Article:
In times of crisis, it is more important than ever for Jewish communities to stand together and work towards the greater good. In the era of the coronavirus pandemic, how can we maintain social distancing, but also work together to strengthen our communities? It turns out that now more than ever, Jewish teens are coming up with ways to help those who need it the most.
Locally, The Leffell School Senior Leah Feilbogen and her sister Talia Feilbogen have started an organization called FLAG (Front Line Appreciation Group) Westchester, intended to support local restaurants while providing meals to hospitals and local EMS workers in the Westchester area. When probed on why she created this organization, Feilbogen answered passionately, “I have always been interested in [medicine] and I hope to be on a Pre-Med track at the University of Michigan next fall. I kept thinking that one day it might be me fighting on the front line and this is a way that I can give back. Talia also kept hearing about the local businesses and the struggles they are experiencing during this pandemic. We both wanted to find a way to give back to our community.”
How have the two been spending their time while social distancing at home? They have been strategizing fundraising ideas with non-profit professionals, communicating with hospitals and emergency service workers, analyzing and budgeting resources and reaching out to local news agencies to publicize their organization and overall mission. “We have raised over $13,000 in less than one month. We have given over $10,000 to our local restaurants, and by the end of next week will have sent 1,425 meals to area hospitals and local EMS workers…so we would say FLAG Westchester has been very successful,” Feilbogen continued.
J-Teen, a Westchester-based teen-led community service organization that is now a part of the UJA Foundation, has created an e-tutoring program in which younger students struggling with online learning can pair up with a teen over Zoom for help with their schoolwork. As of now, over 70 teens are participating in tutoring. “I love the connection I create with my tutoree,” explained Talia Krausz, a current senior at White Plains High School and a member of J-Teen’s executive board. Krausz is currently working with an eighth-grade student who seeks assistance in math. She shed light on the fact that now more than ever in a time of social distancing, younger students can really benefit from mentor-like relationships and bonding with older students.
When questioned on what she would say to teens looking to get involved, Krausz urged, “So many teens have free time [right now] and so many other [students] are in need…Organizations like J-Teen aren’t letting a pandemic stop us from helping those that are calling out for support.”
Met Council, an organization that many J-Teen members—as well as other Westchester teens, are participating in—is providing opportunities to write letters to the elderly and impoverished Jewish community in New York City. Right now, about 1,300 senior citizens are in the Met Council on Jewish Poverty’s affordable housing, and most are isolated and lonely. Writing letters, creating and sharing artwork or sending anything else that can brighten someone’s day can comfort and aid them.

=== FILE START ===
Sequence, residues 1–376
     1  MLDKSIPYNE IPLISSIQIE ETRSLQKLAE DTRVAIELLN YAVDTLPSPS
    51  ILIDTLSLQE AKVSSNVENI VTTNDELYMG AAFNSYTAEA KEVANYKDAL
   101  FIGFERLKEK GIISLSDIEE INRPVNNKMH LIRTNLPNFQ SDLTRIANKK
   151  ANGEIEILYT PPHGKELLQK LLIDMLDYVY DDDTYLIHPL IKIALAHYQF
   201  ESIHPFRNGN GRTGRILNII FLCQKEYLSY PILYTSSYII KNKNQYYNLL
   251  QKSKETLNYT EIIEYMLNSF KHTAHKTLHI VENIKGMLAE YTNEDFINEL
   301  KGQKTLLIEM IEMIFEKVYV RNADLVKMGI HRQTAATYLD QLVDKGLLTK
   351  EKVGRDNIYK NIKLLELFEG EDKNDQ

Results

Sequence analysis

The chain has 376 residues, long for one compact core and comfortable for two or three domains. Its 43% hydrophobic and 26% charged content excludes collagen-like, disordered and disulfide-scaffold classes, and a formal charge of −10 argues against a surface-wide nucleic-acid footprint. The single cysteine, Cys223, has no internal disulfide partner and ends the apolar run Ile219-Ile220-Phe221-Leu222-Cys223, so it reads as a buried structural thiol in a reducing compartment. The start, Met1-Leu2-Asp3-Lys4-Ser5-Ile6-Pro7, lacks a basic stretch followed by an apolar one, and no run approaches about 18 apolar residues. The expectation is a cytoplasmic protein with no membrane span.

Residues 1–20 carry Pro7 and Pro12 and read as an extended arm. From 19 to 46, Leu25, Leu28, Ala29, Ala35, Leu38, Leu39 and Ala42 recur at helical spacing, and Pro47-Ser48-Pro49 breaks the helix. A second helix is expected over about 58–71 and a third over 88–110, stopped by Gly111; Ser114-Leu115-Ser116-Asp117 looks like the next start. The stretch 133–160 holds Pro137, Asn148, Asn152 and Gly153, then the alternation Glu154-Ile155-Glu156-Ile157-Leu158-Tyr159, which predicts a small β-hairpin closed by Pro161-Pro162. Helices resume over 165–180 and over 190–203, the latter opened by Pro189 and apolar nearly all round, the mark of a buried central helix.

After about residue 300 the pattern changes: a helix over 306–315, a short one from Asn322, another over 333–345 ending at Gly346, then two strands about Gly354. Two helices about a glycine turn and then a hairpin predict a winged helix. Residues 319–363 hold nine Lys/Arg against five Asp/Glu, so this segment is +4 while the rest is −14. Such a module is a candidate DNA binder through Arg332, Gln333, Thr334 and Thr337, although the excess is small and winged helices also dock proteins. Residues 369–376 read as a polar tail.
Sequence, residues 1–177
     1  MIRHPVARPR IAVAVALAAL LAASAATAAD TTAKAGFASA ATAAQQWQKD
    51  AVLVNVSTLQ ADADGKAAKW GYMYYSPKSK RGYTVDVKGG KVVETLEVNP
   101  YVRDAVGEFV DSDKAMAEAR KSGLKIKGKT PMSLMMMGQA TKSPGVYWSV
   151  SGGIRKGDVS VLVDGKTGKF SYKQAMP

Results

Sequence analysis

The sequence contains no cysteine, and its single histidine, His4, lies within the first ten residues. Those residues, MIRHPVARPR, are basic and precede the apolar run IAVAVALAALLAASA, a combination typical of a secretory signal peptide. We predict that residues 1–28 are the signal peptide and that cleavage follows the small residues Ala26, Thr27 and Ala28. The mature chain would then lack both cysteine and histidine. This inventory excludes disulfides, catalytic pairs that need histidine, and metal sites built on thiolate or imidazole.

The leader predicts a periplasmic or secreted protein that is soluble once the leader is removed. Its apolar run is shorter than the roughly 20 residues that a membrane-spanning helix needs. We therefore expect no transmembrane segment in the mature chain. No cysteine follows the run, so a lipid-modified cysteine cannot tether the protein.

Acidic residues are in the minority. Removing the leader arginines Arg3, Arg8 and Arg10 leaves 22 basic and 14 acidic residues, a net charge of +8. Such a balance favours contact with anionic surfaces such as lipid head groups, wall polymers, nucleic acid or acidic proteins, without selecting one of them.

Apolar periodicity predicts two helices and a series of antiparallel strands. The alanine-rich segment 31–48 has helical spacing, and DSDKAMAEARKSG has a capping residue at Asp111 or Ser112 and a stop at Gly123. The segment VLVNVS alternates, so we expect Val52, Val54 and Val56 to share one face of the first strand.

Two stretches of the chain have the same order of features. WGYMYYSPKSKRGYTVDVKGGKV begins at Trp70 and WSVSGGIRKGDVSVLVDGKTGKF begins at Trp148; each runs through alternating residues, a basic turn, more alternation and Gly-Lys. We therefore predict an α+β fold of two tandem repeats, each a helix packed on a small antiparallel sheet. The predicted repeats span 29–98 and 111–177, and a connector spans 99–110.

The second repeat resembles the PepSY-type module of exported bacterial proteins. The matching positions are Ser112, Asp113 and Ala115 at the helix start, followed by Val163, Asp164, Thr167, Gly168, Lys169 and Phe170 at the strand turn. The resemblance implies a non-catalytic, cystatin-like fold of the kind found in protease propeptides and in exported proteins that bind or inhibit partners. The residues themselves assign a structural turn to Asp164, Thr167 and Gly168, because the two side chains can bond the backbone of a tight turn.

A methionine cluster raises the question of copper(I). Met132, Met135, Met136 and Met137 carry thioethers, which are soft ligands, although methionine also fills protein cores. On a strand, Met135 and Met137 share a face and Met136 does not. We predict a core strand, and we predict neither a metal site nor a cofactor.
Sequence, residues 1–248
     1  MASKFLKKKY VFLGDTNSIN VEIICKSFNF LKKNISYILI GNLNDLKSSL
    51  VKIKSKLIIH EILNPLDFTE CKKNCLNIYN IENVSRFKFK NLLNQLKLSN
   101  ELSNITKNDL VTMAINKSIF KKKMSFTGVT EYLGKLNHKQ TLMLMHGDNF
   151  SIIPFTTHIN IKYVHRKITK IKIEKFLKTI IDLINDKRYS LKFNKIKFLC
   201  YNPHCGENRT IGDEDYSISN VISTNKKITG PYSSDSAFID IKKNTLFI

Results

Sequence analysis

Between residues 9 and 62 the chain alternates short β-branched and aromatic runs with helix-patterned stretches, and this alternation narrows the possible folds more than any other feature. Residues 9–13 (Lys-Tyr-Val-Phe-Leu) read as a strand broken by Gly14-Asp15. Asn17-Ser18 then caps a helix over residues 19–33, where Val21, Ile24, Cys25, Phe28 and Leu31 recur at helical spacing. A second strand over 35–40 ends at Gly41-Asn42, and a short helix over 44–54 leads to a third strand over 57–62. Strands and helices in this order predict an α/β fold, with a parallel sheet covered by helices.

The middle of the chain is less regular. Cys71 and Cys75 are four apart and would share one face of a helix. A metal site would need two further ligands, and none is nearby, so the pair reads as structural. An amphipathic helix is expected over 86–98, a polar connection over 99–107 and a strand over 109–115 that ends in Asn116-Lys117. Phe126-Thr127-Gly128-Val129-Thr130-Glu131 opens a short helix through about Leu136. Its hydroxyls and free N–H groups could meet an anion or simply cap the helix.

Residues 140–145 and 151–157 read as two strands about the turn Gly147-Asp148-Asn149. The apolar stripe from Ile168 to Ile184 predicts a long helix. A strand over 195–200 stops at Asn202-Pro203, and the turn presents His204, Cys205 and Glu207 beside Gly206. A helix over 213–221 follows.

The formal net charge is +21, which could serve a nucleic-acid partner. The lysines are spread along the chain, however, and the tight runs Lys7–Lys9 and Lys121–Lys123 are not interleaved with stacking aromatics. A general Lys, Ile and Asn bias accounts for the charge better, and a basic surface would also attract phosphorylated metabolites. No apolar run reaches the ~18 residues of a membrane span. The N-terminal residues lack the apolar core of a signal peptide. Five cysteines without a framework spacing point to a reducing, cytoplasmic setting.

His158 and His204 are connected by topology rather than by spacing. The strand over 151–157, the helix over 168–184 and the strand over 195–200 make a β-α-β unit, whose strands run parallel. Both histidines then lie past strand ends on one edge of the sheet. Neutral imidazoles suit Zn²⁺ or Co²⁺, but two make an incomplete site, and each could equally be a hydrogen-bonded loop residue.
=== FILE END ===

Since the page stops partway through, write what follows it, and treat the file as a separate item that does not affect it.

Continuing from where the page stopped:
Abe Baker-Butler, a member of J-Teen’s Executive Board has partnered with an organization by the name of Telehealth For Seniors as their New York Lead; together with Baker-Butler, this program has donated hundreds of devices to senior citizens living in as many as 20 different states across the country who don’t have adequate resources to allow them to feel connected to their communities during this time of social distance.
Not only can technology provide the elderly with means of connectedness on a social level, but technology is now the main method in which doctors are seeing patients—through video visits and phone calls—to prevent any transmission of the coronavirus, especially to the elderly and other members of high risk groups. “In this time of unprecedented social and human stress, we have to bring all of our resources to the table… to make a positive impact. I see this technology drive to provide telehealth access, as well as the countless other teen-led meaningful community service and activism initiatives, as doing just that,” Baker-Butler said.
While society is living through a horrible and vulnerable time, the Coronavirus pandemic has brought out the best in many people. Jewish teenagers all over have used this time to make an impact on the lives of others. From feeding frontline workers while supporting local restaurants to tutoring children while they adjust to eLearning, to checking on Senior Citizens, Jewish teens have exemplified the silver lining of this difficult time with their acts of Chesed, doing their part to repair the world.
To contribute to FLAG Westchester, visit their social media platforms:
- Instagram: @flagwestchester
- Facebook: FLAG Westchester
- Twitter: @flagwestchester
To contribute to Met Council, send your work to:
- Met Council Fulfillment Center, 171 Lexington Ave., New York, NY 10016
Ariel Weinsaft and Leah Breakstone are juniors at Scarsdale High School.FASHION NEWS